The previous post was my 100th. In 23 days (I began on May 9). Its been a good experience so far. I am enjoying the writing — have discovered that it comes much more naturally to me than I previously had thought. Considering that I had pontificated all of April wondering how I should do my blog, it was much easier than I had anticipated.
Am hoping to sustain this at about 4-5 posts daily, in addition to the Tech Talks. The 5 Tech Talks every week take me about 3 hours of writing, and the daily blog posts take up an average of 30-40 mins daily. The aggregate is about 6-7 hours of writing each week. Its a significant commitment, but I see that as a natural extension of what I am doing…reading, thinking and writing is part of the process of building out the vision of Emergic.
My own observation powers have improved dramatically since I started writing the Tech Talk as a daily column in November 2000. I find myself much more alert when I am reading or listening. I have a much better understanding of technology now — may not as deep as I would have liked, but there certainly is a lot more breadth. Which is important when one is trying to asismilate trends and developments and put them together. Writing for me has also helped clarify my own thinking process.
The RTW (reading-thinking-writing) process is a positive feedback cycle. When I began Tech Talk, I was wondering how I’d sustain a daily column beyond a few weeks. Have not only sustained it for 80 weeks now, but I now feel there’s so much more to write!
Standards are good because they define specifications to which companies can develop products which are inter-operable. The phenomenal growth of the Web was due to two standards: HTML for publishing documents, and HTTP for sending and receiving documents across different machines connected to the Internet. The result was that anyone could write a document in HTML and be sure that it could be accessed and displayed by anyone else as long as the server hosting the document supported HTTP. A similar process is underway in the worlds of enterprise software and business processes. Whether the impact will be as far-reaching only time will tell.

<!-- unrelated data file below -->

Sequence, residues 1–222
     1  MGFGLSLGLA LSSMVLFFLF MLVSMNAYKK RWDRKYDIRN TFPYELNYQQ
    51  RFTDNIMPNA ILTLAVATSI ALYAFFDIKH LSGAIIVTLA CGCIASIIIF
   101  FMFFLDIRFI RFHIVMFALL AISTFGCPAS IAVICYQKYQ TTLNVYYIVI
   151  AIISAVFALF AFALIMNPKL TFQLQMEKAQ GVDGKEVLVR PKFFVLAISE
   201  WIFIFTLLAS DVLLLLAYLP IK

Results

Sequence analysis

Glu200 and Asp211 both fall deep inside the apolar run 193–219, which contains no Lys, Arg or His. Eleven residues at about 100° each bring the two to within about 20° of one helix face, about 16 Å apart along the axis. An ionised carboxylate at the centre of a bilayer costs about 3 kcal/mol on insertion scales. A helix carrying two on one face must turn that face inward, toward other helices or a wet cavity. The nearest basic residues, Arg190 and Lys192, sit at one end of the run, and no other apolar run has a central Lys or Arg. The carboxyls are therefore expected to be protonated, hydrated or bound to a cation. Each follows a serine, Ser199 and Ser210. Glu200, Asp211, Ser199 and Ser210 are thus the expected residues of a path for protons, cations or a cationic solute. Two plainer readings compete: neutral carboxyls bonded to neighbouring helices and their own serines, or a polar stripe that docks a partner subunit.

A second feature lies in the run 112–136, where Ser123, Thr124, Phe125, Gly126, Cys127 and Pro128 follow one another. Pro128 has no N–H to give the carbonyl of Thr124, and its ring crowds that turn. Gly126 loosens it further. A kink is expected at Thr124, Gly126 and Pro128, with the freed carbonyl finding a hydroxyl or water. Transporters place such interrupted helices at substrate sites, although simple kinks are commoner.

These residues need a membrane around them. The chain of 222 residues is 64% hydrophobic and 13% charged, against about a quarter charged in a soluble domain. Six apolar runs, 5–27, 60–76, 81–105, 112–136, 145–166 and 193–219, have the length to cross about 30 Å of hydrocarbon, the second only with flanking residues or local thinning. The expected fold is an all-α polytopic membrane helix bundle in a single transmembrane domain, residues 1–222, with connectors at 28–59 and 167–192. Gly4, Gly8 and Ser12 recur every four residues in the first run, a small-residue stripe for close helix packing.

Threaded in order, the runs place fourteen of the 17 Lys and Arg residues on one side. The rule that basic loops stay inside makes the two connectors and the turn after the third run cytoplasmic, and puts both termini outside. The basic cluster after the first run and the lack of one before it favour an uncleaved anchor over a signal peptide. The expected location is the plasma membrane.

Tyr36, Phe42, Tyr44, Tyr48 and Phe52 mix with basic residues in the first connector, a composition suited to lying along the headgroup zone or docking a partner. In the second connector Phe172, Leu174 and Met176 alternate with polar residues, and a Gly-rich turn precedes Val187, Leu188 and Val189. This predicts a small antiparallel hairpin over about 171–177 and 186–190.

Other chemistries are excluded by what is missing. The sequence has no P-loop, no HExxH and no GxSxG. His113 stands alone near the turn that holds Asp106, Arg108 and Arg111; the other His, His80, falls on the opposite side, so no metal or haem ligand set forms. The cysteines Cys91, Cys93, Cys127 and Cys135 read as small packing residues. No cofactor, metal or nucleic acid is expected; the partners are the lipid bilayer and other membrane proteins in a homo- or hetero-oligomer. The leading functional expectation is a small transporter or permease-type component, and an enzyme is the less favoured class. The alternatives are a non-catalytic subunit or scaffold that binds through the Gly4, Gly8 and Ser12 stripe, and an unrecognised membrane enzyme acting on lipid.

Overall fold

Email (and now instant messaging) connects persons to other persons. The Web through HTML and HTTP helps connect people to applications (which serve out information). This is the Web we have experienced in the past 7 years. Now, the next challenge is to connect applications to applications. This is what Web Services are about. Think of Web Services as the equivalent of Software Lego. They enable the development of software components which can be re-used across the Internet. They provide a standard for application-to-application integration.
The alphabet soup of XML, SOAP, UDDI and WSDL is being seen the next big thing in software. Writes Nuala Moran in the Financial Times (May 1, 2002):
By providing a common language for applications to speak to each other, the arrival of these standards will make it much cheaper and easier to integrate systems internally. Them it will do the same for external links with business partners.
Initially, these will be fixed links with existing partners, but as the standards (particularly those relating to security and authentication) and supporting networks evolve, web services will enable dynamic interactions with any number of partners, known or unknown.
Web services will transform IT from a technology and product-driven industry to a services industry where computing power is a utility.
While there is a lot of hype around web services, much of it is justified even though we are only now seeing some of the early applications. An example is the Google API which allows programs to search its document database through a SOAP interface. Think back to the early days of client-server computing in the early 1990s. Once the frameworks and development tools arrived making it easy to build applications, the enterprise software industry really took off. Web Services are at a similar stage. We are now seeing the early development environments from companies like Microsoft, IBM and BEA. As programming becomes easier, Web Services will make a huge impact on software development in the next two years.
Next Week: Rethinking Enterprise Software (continued)